Camden, New Jersey – Patent bully Garfum has abandoned its lawsuit against an online photo hobbyist, just one day after a federal judge set the date for a face-off in court against lawyers for the Electronic Frontier Foundation (EFF).
EFF together with Durie Tangri LLP represent Bytephoto.com, which has hosted user-submitted photos and run competitions for the best since 2003. In 2007, a company called Garfum.com applied for a patent on the “Method of Sharing Multi-Media Content Among Users in a Global Computer Network.” The patent takes the well-known concept of a competition by popular vote and applies it to the modern context of generic computer networks, and Garfum claims that it covers the rights to online competitions on social networks where users vote for the winner—despite the fact that courts have ruled that this kind of abstract idea using generic computer technology cannot be patented.
Garfum used this patent to accuse EFF’s client of infringement, filing a federal lawsuit without warning. EFF moved to dismiss the complaint earlier this year, arguing that the junk patent should be declared invalid. But after all the briefing had been completed and just one day after the court scheduled a hearing on the motion to dismiss, Garfum capitulated: it dropped its case with a promise not to sue Bytephoto.com again rather than defend its patent before a judge.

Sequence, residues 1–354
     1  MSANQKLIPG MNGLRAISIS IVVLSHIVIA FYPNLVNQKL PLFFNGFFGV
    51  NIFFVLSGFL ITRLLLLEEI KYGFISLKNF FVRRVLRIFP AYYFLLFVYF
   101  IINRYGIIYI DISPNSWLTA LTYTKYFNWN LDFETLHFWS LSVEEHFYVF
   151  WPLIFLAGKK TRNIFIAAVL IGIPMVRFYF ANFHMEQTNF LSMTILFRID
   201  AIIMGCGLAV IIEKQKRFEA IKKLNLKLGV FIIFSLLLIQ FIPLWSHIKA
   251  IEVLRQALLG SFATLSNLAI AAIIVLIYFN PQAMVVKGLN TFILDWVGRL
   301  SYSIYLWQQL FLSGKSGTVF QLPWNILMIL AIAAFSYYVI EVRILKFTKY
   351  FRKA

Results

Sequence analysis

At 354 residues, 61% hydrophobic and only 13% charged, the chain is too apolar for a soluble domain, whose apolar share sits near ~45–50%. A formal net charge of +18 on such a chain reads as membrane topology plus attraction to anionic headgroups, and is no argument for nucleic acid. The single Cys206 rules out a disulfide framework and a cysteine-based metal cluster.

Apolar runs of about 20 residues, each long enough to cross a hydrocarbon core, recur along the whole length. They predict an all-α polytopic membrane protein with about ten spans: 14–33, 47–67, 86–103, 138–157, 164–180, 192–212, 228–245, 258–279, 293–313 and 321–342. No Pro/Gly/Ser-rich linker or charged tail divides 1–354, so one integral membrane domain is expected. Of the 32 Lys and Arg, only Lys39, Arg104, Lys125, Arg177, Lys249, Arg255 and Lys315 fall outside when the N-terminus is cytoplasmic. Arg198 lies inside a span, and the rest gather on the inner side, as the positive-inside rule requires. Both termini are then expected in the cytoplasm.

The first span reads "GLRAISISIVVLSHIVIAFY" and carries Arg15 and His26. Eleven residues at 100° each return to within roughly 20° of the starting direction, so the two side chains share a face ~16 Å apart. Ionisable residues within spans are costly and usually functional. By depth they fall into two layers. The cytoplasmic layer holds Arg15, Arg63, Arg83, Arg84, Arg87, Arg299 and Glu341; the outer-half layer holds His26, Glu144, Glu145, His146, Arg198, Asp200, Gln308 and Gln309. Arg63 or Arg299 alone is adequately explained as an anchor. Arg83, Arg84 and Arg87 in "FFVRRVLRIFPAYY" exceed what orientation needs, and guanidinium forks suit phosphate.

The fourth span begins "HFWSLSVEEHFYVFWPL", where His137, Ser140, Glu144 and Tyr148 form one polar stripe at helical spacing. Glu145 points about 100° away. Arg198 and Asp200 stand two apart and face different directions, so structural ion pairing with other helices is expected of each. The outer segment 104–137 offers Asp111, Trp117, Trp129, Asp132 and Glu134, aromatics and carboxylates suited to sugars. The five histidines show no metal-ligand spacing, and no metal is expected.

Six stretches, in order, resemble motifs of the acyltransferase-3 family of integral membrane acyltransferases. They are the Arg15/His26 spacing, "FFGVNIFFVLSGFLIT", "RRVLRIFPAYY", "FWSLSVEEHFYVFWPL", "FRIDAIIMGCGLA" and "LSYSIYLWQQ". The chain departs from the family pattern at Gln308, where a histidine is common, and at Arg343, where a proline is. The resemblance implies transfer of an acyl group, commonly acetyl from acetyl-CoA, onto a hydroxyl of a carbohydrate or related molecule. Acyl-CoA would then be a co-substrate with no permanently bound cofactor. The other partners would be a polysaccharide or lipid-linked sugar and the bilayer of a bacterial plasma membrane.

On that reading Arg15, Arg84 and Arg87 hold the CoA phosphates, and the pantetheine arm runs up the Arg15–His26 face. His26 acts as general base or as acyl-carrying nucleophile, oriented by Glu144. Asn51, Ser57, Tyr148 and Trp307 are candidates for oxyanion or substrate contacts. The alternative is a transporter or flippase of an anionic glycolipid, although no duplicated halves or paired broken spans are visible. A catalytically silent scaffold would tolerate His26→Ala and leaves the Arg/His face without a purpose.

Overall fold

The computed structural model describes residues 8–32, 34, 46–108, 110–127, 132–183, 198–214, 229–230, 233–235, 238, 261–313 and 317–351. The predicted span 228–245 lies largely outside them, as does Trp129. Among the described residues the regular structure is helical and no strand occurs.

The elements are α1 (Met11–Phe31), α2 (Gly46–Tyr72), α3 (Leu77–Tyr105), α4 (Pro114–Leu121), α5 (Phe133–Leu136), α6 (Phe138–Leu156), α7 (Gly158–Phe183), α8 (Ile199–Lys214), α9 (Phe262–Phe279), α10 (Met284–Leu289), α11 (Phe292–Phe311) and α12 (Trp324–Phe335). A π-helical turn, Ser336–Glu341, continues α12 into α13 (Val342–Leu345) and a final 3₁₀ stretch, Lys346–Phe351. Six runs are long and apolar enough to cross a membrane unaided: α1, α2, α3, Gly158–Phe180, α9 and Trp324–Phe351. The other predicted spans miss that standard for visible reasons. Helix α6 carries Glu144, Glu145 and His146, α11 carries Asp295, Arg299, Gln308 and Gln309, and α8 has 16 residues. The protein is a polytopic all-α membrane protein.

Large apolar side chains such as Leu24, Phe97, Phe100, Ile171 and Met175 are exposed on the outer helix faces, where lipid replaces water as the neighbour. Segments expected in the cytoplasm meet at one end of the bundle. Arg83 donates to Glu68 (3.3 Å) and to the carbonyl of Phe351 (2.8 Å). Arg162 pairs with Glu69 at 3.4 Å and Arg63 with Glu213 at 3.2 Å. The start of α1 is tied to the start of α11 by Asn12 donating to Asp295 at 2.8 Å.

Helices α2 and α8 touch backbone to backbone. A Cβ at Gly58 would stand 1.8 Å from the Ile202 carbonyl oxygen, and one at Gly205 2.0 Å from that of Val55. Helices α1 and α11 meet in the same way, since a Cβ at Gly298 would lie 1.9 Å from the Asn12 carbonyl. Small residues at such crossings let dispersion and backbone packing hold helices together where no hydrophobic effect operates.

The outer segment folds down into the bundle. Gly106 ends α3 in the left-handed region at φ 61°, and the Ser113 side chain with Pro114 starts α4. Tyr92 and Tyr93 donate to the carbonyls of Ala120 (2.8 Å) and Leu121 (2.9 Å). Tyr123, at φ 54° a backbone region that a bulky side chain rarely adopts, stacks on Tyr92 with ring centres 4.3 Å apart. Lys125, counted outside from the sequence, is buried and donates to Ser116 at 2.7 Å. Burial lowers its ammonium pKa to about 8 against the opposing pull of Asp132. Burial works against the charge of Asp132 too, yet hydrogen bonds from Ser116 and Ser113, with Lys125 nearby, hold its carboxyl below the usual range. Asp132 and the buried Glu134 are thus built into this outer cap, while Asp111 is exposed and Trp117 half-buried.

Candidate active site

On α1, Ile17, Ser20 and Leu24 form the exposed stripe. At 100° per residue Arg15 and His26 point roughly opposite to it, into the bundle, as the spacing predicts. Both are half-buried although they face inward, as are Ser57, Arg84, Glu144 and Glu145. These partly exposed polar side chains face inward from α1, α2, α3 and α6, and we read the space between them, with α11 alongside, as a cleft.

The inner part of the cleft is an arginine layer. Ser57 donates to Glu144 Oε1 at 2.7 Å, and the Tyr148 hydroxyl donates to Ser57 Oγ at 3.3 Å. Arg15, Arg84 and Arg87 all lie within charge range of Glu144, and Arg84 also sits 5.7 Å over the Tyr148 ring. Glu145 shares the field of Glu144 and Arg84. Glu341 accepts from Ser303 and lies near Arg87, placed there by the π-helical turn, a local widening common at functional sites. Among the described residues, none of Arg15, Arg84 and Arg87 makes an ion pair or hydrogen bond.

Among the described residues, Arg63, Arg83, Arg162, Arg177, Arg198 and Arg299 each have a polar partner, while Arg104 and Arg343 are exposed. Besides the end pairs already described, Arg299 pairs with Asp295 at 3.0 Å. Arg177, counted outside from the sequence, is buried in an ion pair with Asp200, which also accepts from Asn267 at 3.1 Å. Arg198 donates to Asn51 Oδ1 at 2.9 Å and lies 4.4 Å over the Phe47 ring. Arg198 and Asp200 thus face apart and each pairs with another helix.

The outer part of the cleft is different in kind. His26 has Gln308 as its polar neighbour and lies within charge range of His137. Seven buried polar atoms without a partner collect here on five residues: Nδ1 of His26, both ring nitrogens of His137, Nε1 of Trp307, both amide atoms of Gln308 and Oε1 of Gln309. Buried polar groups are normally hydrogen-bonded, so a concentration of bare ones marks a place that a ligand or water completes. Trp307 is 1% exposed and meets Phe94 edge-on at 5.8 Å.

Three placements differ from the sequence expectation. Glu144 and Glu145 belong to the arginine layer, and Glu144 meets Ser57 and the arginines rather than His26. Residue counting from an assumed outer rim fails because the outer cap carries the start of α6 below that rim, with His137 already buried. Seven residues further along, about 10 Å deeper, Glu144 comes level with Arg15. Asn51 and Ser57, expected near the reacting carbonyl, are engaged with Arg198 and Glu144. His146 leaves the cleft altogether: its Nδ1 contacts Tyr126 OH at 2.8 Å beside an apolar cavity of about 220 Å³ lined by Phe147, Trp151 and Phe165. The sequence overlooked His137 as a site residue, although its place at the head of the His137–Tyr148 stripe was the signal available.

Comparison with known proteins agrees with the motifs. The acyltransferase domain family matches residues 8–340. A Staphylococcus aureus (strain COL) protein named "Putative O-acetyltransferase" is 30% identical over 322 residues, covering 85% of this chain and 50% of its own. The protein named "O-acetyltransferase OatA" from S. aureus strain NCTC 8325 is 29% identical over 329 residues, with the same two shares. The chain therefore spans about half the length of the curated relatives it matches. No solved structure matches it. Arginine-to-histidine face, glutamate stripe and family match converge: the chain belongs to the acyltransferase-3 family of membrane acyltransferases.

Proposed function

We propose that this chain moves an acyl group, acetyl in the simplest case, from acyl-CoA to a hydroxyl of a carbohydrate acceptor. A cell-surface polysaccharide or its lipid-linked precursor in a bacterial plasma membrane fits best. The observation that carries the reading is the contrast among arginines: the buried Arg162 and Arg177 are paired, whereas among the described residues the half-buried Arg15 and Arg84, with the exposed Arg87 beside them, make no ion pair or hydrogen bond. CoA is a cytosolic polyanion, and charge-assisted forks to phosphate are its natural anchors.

“We’re pleased that Garfum has abandoned its claims against our client. But it’s a travesty that this case was ever filed in the first place,” said EFF Staff Attorney Daniel Nazer, who is also the Mark Cuban Chair to Eliminate Stupid Patents. “Our client began running online ‘favorite photo’ competitions years before this patent was filed. The idea that you could patent this abstract idea, find innocent enthusiasts online and demand settlement money—and then slink away once challenged and before the court issues a ruling—goes against any sense of fair play.”
“Patent bullies count on not having to defend their weak patents in a court of law. They drive up costs with baseless lawsuits and then bow out before getting a decision they don’t like,” said EFF Staff Attorney Vera Ranieri. “So while we are glad our client doesn’t have to worry about Garfum anymore, there’s still a lot of work to do the fight against bad patents.”
Joe Gratz of the law firm Durie Tangri LLP and Frank Corrado of Barry, Corrado & Grassi, PC are co-counsel with EFF.
For more on this case: